nep-hrm New Economics Papers
on Human Capital and Human Resource Management
Issue of 2021‒04‒26
nine papers chosen by
Patrick Kampkötter
Eberhard Karls Universität Tübingen

  1. Worker Commitment and Establishment Performance By John T. Addison; Paulino Teixeira
  2. Job Design, Learning & Intrinsic Motivation By Gibbs, Michael
  3. Diversity and Team Performance in a Kenyan Organization By Benjamin Marx; Vincent Pons; Tavneet Suri
  4. A Structural Model of a Multitasking Salesforce: Multidimensional Incentives and Plan Design By Minkyung Kim; K. Sudhir; Kosuke Uetake
  5. Diversity and Performance in Entrepreneurial Teams By Sophie Calder-Wang; Paul A. Gompers; Kevin Huang
  6. Can Older Workers Be Retrained? Canadian Evidence from Worker-Firm Linked Data By Fang, Tony; Gunderson, Morley; Lee, Byron
  7. The Changing Distribution of the Male Ethnic Wage Gap in Great Britain By Clark, Ken; Nolan, Steve
  8. Cognitive Biases: Mistakes or Missing Stakes? By Benjamin Enke; Uri Gneezy; Brian Hall; David C. Martin; Vadim Nelidov; Theo Offerman; Jeroen van de Ven
  9. “I Still Haven’t Found What I’m Looking For”: Evidence of Directed Search from a Field Experiment By Haoran He; David Neumark; Qian Weng

  1. By: John T. Addison; Paulino Teixeira
    Abstract: Using a cross section of matched data from the employee and management questionnaires of the European Company Survey, this paper investigates the determinants of worker commitment and the potential contribution of commitment to establishment performance. An index of worker commitment is constructed from employer perceptions of the motivation of workers and their retention and absenteeism propensities, while the determinants of commitment are fashioned from observations taken from the worker representation side ordered along dimensions such as perceived organizational trust and involvement. The commitment index is then linked to establishment performance outcomes. Key findings from the commitment equation are the positive role of trust in management, the quality of information exchanged, and the degree of worker representation influence in respect of major decisions taken by management. In turn, commitment emerges as a key correlate of establishment financial performance and labor productivity growth. Our supplemental sensitivity analysis is supportive of the interpretation of commitment as a driver of performance.
    Keywords: commitment, type of workplace representation, financial performance, labor productivity growth, European Company Survey
    JEL: J20 J50
    Date: 2021
  2. By: Gibbs, Michael (University of Chicago)
    Abstract: According to psychologists and neuroscientists, a key source of intrinsic motivation is learning. An economic model of this is presented. Learning may make work less onerous, or the employee may value it in and of itself. Multitasking generates learning: performing one task increases productivity on related tasks. Intrinsic motivation generates a new multitask incentive problem if the rate of learning varies across tasks. With no incentive pay, employee autonomy complements learning because expected output increases as the employee uses his or her knowledge to enhance learning. The second part of the paper adds a simple incentive. Incentive pay does not "crowd out" intrinsic motivation, but it does rebalance effort away from learning and towards output. Learning has complex interactions with performance measurement. A higher rate of learning tends to reduce performance measure distortion, especially for a very distorted measure. It also tends to reduce the potential for manipulation, as does multitasking. However, if job design is strongly imbalanced towards a few key tasks, or learning varies significantly across tasks, a higher rate of learning may increase the employee's ability to manipulate the measure. In that case the firm might prefer an incentive with no autonomy, or autonomy with no incentive.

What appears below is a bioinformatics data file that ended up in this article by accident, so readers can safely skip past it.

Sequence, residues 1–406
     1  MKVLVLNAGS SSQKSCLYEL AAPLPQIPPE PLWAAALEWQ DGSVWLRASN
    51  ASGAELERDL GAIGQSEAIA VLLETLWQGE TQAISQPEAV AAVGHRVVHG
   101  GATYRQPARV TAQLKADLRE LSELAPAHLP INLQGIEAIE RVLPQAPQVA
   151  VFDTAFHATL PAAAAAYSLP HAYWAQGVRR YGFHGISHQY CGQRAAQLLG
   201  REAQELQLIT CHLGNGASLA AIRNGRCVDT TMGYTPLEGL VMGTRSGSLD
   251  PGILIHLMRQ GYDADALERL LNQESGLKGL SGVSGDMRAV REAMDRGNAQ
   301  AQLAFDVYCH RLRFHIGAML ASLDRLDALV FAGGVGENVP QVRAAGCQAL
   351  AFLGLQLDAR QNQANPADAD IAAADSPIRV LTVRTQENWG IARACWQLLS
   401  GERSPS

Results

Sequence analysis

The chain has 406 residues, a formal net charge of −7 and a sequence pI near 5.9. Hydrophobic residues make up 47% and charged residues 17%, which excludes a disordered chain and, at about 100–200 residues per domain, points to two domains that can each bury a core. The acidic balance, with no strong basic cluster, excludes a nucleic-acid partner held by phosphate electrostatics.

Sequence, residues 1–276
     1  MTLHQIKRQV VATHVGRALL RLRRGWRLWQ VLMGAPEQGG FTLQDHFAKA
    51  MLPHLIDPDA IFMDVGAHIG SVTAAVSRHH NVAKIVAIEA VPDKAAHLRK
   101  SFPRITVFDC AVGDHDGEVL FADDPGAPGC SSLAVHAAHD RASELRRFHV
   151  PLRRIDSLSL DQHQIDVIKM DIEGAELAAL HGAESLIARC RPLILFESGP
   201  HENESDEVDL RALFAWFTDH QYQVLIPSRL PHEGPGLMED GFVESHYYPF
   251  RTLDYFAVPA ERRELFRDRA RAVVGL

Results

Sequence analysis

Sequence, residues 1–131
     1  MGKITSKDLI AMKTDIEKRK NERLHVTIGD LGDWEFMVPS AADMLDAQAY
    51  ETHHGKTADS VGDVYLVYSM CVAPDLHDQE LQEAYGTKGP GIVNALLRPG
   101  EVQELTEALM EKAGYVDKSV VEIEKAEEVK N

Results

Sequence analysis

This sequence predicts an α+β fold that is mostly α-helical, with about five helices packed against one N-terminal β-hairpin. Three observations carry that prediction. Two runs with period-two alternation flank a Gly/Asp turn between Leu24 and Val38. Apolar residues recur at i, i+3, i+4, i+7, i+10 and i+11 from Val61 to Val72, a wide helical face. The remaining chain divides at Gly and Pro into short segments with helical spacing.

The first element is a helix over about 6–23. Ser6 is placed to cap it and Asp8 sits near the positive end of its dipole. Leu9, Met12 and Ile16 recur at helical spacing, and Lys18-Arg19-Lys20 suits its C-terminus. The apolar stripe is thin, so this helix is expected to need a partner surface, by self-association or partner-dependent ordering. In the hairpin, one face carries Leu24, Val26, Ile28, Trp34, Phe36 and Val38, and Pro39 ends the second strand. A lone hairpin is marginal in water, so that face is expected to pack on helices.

Keywords: intrinsic motivation, learning, job design, incentives, performance measurement
    JEL: M5
    Date: 2021–04
  3. By: Benjamin Marx; Vincent Pons; Tavneet Suri
    Abstract: We present the results from a field experiment on team diversity. Individuals working as door-to-door canvassers for a non-profit organization were randomly assigned a teammate, a supervisor, and a list of individuals to canvass. This created random variation within teams in the degree of horizontal diversity (between teammates), vertical diversity (between teammates and their supervisor) and external diversity (between teams and the individuals they canvassed). We observe team-level measures of performance and find that horizontal ethnic diversity decreases performance, while vertical diversity often improves performance, and external diversity has no effect. The data on time use suggests that horizontally homogeneous teams organized tasks in a more efficient way, while vertically homogeneous teams exerted lower effort.
    JEL: D22 J24 L22 M54 O12
    Date: 2021–04
  4. By: Minkyung Kim (UNC Chapel Hill Kenan-Flagler Business School); K. Sudhir (Cowles Foundation & School of Management, Yale University); Kosuke Uetake (School of Management, Yale University)
    Abstract: The paper broadens the focus of empirical research on salesforce management to include multitasking settings with multidimensional incentives, where salespeople have private information about customers. This allows us to ask novel substantive questions around multidimensional incentive design and job design while managing the costs and benefits of private information. To this end, the paper introduces the first structural model of a multitasking salesforce in response to multidimensional incentives. The model also accommodates (i) dynamic intertemporal tradeoffs in effort choice across the tasks and (ii) salesperson’s private information about customers. We apply our model in a rich empirical setting in microfinance and illustrate how to address various identification and estimation challenges. We extend two-step estimation methods used for unidimensional compensation plans by embedding a flexible machine learning (random forest) model in the first-stage multitasking policy function estimation within an iterative procedure that accounts for salesperson heterogeneity and private information. Estimates reveal two latent segments of salespeople- a “hunter” segment that is more efficient in loan acquisition and a “farmer” segment that is more efficient in loan collection. Counterfactuals reveal heterogeneous effects: hunters’ private information hurts the firm as they engage in adverse selection; farmers’ private information helps the firm as they use it to better collect loans. The payoff complementarity induced by multiplicative incentive aggregation softens adverse specialization by hunters relative to additive aggregation, but hurts performance among farmers. Overall, task specialization in job design for hunters (acquisition) and farmers (collection) hurts the firm as adverse selection harm overwhelms efficiency gain.